NEW ORLEANS (April 28, 2021) – Today the Gulf Coast Ecosystem Restoration Council (RESTORE Council) announced $302 million in funding decisions for restoration activities spanning the Gulf Coast states impacted by the Deepwater Horizon oil spill. With today’s vote, the RESTORE Council has approved Funded Priorities List (FPL) 3b. FPL 3b includes 20 activities designed to address ecosystem needs across the Gulf of Mexico. The activities identified in FPLs are developed through collaboration among RESTORE Council members with input from Gulf stakeholders.

The activities in FPL 3b will provide a variety of benefits to the Gulf of Mexico ecosystem. FPL 3b includes funding for large-scale programs to address water quality and quantity, habitat acquisition and conservation, coastal resilience, and other ecosystem restoration needs. Building on previous FPL investments, the RESTORE Council will continue funding to enhance the environmental vitality of the Gulf’s natural resources while also providing environmental job training for youth, including those from six Federally recognized Tribes. As a benefit to agricultural lands throughout the Gulf, FPL 3b will continue funding private land conservation and ecological restoration. Finally, FPL 3b will support scientific efforts to continue to build the knowledge needed to advance Gulf restoration.

“As Chair of the RESTORE Council, EPA continues to work closely with all the members of the RESTORE Council to prioritize restoration of the Gulf of Mexico,” said EPA Administrator Michael S. Regan. “Approval of the Funded Priorities List (FPL) 3b will catapult existing restoration efforts and will yield large-scale programs critical to sustained ecosystem protection. This $302 million investment is the culmination of robust collaborative efforts and sound science.”

Today’s vote marks the completion of the RESTORE Council’s third Funded Priorities List, developed in two phases. The first phase, approved in February 2020 and referred to as FPL 3a, included two large-scale projects: The River Reintroduction into the Maurepas Swamp in Louisiana, and Perdido River Land Conservation and Habitat Enhancements in Alabama. Today’s second phase, FPL 3b, will address a range of ecosystem needs in Alabama, Florida, Mississippi, and Texas. Additional Gulfwide programs will benefit all five states impacted by the DeepWater Horizon oil spill. Included in the $302 million is the approval of more than $140.4 million for ecosystem restoration activities that will be implemented in the near term. Additionally, the RESTORE Council budgeted over $161.5 million for priority activities that will be evaluated in the future.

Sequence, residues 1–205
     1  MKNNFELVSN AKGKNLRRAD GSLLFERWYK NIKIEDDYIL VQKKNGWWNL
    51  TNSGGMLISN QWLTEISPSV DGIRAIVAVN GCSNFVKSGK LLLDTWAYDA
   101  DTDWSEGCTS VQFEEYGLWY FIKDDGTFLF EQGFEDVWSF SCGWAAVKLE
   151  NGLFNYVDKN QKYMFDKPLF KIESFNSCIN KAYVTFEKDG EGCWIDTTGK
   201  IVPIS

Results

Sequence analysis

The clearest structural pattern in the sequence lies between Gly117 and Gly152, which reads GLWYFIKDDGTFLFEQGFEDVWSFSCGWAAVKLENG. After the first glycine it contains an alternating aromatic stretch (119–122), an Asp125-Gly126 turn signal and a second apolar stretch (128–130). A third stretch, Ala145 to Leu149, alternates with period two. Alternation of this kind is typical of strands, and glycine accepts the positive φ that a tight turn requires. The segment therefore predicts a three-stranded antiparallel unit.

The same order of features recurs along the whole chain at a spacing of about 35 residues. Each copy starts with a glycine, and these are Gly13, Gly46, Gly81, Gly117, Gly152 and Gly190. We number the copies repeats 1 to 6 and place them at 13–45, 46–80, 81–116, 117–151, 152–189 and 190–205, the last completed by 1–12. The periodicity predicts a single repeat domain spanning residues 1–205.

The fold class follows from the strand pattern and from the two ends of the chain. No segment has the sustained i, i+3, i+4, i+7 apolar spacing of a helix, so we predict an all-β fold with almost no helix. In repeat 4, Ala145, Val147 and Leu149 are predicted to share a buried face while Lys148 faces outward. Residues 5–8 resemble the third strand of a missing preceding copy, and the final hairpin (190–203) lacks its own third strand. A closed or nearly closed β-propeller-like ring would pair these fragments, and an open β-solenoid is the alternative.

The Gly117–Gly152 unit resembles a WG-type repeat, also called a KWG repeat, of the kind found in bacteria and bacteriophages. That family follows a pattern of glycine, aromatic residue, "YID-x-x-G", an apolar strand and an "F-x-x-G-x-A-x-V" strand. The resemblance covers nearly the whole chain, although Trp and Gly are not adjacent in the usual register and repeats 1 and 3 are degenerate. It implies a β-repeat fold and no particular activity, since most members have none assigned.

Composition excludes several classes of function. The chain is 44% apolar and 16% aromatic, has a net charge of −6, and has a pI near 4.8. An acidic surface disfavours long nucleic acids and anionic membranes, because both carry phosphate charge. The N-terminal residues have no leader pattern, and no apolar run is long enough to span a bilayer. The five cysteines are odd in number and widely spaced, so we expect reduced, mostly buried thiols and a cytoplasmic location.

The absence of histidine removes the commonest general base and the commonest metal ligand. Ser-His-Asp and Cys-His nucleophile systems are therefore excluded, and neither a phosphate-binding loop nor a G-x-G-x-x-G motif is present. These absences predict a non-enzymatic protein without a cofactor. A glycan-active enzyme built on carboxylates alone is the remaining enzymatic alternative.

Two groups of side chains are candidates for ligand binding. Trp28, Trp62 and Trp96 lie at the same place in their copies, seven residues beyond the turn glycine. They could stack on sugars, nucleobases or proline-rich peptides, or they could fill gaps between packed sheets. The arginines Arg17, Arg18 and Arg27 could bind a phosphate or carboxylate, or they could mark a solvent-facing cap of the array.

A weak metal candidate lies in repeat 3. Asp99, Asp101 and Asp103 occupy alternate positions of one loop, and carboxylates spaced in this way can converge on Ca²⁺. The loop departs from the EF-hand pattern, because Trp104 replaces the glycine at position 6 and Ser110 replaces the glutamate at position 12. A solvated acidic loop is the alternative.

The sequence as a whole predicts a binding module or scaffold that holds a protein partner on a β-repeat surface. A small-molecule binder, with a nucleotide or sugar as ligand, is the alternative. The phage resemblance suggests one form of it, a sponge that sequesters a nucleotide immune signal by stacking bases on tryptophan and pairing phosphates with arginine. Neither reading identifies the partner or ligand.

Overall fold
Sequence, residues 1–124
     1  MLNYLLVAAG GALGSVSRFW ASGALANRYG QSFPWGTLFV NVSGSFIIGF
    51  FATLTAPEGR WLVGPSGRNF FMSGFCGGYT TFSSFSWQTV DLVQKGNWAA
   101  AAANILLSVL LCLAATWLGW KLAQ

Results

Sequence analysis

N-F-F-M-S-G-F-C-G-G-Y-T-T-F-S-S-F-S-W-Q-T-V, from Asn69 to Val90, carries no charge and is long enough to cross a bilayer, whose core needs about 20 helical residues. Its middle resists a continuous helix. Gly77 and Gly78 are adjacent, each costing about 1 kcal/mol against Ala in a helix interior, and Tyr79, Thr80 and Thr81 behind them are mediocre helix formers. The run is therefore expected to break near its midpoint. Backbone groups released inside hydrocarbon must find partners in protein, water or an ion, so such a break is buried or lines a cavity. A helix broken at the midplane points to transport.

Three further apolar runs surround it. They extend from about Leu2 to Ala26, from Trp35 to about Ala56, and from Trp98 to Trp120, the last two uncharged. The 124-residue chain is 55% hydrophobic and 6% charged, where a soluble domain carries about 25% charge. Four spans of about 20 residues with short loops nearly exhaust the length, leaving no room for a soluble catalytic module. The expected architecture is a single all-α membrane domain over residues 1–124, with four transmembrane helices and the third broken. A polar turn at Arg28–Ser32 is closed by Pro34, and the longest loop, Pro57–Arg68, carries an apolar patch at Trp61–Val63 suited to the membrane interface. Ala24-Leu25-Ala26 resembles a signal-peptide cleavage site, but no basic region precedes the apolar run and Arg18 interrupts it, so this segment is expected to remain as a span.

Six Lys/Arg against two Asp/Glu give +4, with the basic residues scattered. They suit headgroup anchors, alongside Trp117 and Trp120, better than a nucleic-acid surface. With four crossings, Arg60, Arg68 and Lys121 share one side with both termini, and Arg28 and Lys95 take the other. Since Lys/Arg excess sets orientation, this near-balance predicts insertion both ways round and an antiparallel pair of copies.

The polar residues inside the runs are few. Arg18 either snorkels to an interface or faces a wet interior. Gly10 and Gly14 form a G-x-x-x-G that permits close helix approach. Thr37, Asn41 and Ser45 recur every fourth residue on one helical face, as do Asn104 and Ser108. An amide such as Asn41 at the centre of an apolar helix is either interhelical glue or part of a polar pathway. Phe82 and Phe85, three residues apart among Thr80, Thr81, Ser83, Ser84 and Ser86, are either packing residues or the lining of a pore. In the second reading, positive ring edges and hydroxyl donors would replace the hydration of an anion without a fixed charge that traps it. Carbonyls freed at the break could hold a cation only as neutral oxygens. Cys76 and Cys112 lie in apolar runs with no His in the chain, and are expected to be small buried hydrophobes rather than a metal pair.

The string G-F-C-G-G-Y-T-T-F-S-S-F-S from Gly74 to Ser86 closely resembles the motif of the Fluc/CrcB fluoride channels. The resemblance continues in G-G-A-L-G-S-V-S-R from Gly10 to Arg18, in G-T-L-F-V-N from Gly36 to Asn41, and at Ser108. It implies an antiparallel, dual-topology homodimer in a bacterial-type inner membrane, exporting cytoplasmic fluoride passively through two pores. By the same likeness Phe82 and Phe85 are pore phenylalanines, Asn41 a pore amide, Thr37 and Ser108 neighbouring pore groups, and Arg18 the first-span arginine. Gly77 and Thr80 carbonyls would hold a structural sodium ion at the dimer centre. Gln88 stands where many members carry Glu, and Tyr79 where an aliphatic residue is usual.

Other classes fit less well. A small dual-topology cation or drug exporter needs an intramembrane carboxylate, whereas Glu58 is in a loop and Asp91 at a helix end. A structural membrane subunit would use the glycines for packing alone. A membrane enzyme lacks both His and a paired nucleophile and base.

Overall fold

Additional information on the projects and programs included in FPL 3b as well as prior FPL activities can be found on the RESTORE Council’s website.


The RESTORE Council was established in 2012 by the Resources and Ecosystems Sustainability, Tourist Opportunities, and Revived Economies of the Gulf Coast States Act of 2012 (RESTORE Act), a federal law enacted in response to the Deepwater Horizon oil spill. The RESTORE Council consists of the governors of five Gulf Coast states (Alabama, Florida, Louisiana, Mississippi, and Texas) and the cabinet heads of six federal agencies (the U.S. Department of Agriculture, U.S. Department of the Army, U.S. Department of Commerce, U.S. Department of Homeland Security, and U.S. Department of the Interior, as well as the U.S. Environmental Protection Agency).

The RESTORE Council oversees administration of two of the five components established by the RESTORE Act, representing 60% of the funds made available from the Gulf Coast Restoration Trust Fund established in the wake of the oil spill. Under the 2016 Deepwater Horizon consent decree among the United States, the five Gulf States, and British Petroleum (BP), BP makes payments into the Trust Fund over a 15-year period ending in 2031.

As funds become available, the RESTORE Council works collaboratively with input from stakeholders across the Gulf to develop Funded Priorities Lists (FPLs), which designate ecosystem projects and programs for funding. FPL funding decisions are guided by criteria set forth in the RESTORE Act, the Council’s 2016 Comprehensive Plan Update: Restoring the Gulf Coast’s Ecosystem and Economy, the Council’s 2019 Planning Framework and other policies. In addition, the RESTORE Council oversees funding for State-led restoration and recovery efforts provided in State Expenditure Plans (SEPs) developed under the RESTORE Act.

After FPLs and SEPs are approved, funding is administered through federal awards to the sponsors identified to implement the approved activities. As of April 26, 2021, the RESTORE Council has awarded $476.36 million for 124 activities across both programs.

Learn more about: 

Funded Priorities List 3b

2019 Planning Framework

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For more information on projects in a specific geographic location, please contact:

Alabama: Amy Hunter-

Florida: Rachel Schmalfuss-

Louisiana: Chris Barnes-

Mississippi: Robbie Wilbur-

Texas: Diane Mazuca-